A poll has found strong support for keeping MMP - nearly half of those polled say they will vote to keep it in next month's referendum.
The Herald-DigiPoll survey found 48 per cent of the 750 people polled planned on voting to keep MMP, 35.1 per cent said they wanted a change and 15 per cent didn't know.
The news has been welcomed by Keep MMP - a group which started a nationwide campaign yesterday to keep the present voting system.
Keep MMP Auckland spokesman Lewis Holden said the survey results confirmed what the group had been hearing.
"There isn't a huge mood for change," he said, "but what there is a mood for is to look at MMP's mechanics, have a look at things like the threshold - and that's done through the independent review process."
New Zealanders voted in 1993 to change the voting system from the traditional first past the post (FPP) method to mixed member proportional representation (MMP).
In the referendum being held with this year's election, voters will again be asked to decide what kind of voting system they want.
If at least half opt to keep MMP, an independent review will be done to recommend possible changes, such as what thresholds parties must meet to be eligible for list seats, whether voters should be able to change the order of candidates on a party list and whether candidates can stand in an electorate and on the party list.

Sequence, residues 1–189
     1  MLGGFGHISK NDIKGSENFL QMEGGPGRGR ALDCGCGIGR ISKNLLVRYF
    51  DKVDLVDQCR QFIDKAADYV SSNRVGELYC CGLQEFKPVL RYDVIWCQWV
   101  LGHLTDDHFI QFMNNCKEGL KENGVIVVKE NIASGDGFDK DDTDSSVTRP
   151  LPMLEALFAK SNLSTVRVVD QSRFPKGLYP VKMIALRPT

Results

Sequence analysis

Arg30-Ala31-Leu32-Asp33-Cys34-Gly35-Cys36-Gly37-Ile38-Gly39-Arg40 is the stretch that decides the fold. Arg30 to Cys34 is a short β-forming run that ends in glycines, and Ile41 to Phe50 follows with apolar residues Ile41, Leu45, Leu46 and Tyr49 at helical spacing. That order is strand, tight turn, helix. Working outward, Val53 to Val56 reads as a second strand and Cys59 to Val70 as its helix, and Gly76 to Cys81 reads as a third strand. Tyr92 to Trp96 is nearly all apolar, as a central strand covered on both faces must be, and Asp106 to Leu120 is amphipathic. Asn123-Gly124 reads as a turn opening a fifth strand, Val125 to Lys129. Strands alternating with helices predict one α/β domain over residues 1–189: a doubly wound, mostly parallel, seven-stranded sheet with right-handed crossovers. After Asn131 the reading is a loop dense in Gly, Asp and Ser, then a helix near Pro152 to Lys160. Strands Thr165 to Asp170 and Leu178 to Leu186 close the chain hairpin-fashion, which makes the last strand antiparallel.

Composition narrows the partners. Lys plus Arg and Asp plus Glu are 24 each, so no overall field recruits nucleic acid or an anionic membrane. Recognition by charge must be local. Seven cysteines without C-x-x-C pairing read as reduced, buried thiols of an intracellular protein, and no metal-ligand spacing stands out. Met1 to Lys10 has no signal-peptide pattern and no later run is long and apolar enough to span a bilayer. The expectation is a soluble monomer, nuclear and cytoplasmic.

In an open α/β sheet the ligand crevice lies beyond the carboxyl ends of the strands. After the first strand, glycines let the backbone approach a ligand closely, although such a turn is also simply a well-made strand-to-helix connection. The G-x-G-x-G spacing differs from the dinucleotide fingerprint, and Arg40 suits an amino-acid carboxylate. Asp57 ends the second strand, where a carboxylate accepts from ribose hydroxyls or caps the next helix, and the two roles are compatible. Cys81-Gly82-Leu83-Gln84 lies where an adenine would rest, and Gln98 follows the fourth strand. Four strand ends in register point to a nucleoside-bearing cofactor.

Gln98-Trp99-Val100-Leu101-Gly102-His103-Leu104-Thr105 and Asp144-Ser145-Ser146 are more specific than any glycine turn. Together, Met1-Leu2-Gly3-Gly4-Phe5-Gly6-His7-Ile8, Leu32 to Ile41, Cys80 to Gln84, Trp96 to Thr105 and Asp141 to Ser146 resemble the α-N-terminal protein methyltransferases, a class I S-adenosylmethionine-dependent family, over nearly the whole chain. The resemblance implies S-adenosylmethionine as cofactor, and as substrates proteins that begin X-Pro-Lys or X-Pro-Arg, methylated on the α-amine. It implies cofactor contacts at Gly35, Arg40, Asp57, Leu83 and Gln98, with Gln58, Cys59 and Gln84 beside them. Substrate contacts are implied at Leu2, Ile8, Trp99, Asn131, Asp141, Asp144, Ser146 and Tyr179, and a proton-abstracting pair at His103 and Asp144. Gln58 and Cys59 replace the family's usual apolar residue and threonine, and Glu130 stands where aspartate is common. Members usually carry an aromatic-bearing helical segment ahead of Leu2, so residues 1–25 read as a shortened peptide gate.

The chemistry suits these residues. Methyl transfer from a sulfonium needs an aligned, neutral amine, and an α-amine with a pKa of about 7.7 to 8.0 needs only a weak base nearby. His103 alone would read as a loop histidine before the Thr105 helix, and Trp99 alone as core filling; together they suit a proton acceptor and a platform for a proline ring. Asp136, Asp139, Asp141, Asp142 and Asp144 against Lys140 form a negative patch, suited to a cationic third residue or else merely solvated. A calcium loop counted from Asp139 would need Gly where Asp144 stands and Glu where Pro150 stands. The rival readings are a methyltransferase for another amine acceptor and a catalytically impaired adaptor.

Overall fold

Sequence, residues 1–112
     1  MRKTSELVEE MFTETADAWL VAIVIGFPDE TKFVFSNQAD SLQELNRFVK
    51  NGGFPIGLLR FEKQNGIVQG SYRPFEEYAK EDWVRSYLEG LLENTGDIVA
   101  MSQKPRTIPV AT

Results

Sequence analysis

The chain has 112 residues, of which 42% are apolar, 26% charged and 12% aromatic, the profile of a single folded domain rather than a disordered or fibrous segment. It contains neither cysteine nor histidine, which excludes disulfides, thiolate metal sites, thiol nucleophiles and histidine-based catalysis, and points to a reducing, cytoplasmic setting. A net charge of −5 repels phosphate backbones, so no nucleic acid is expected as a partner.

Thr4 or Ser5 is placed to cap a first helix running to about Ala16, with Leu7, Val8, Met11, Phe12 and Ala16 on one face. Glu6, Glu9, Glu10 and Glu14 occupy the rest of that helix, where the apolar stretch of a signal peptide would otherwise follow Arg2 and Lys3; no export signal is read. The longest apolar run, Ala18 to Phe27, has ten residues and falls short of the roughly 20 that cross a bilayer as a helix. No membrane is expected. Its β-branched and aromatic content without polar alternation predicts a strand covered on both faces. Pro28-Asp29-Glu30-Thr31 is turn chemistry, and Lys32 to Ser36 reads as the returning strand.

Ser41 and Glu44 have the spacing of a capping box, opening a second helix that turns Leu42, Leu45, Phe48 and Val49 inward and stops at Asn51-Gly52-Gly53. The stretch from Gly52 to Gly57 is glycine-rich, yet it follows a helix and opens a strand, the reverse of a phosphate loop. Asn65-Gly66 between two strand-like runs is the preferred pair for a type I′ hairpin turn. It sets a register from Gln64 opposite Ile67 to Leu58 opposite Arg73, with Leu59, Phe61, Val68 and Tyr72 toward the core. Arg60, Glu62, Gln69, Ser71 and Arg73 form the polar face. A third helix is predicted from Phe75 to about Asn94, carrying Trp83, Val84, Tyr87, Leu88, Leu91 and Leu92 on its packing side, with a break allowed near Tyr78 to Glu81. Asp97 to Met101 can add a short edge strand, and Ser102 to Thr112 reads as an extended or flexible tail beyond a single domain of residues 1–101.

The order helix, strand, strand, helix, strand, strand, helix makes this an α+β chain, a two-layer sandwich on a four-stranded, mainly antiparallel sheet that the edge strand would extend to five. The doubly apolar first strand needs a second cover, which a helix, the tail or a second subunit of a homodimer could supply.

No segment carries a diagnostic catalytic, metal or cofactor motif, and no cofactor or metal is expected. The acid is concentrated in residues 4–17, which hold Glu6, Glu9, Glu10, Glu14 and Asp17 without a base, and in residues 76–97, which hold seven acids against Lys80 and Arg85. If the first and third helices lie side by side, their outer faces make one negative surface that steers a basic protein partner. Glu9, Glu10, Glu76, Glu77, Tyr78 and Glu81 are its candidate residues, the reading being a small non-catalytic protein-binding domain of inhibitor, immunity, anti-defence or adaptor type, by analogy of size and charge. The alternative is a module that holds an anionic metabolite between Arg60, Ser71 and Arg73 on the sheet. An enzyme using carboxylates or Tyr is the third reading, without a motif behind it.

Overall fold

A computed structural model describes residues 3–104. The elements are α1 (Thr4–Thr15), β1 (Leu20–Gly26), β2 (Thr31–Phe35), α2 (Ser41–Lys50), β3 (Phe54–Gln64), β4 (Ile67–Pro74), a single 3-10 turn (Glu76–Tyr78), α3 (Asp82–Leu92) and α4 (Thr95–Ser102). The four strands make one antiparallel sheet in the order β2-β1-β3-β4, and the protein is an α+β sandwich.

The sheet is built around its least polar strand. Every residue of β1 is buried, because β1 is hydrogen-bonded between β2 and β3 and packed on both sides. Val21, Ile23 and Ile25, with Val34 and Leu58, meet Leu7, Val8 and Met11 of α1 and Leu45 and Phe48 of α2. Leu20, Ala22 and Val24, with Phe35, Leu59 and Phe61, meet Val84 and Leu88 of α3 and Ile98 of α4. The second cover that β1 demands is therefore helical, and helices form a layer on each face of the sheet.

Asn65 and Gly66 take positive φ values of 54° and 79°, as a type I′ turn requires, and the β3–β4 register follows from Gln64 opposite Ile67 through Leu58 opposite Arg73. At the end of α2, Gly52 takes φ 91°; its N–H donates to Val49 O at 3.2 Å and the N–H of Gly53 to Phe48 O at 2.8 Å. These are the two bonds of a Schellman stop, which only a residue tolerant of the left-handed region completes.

Mt Eden resident Michele Donovan, who attended yesterday's Keep MMP launch in Auckland, said she wanted to see it stay because it was the "best proportional system", adding that the best way for the current system to be improved was by voting to keep it.
Auckland central resident John Minson, who was also at the launch, said many votes were wasted under FPP.
"If you weren't National or Labour you were completely wasting time. Your vote with the original system didn't count. [MMP] means you have a chance of a minority being heard."
Keep MMP spokeswoman Sandra Grey said the group would continue talking about the benefits of MMP as focus on the November 26 referendum sharpened.
"We can expect a lot of myths about MMP to be touted about over the next few weeks but the facts speak for themselves," she said.
"MMP is the fairest system on offer, where everyone's votes count equally no matter where they live. It has delivered stable governments of the left and right and we have had greater accountability to voters."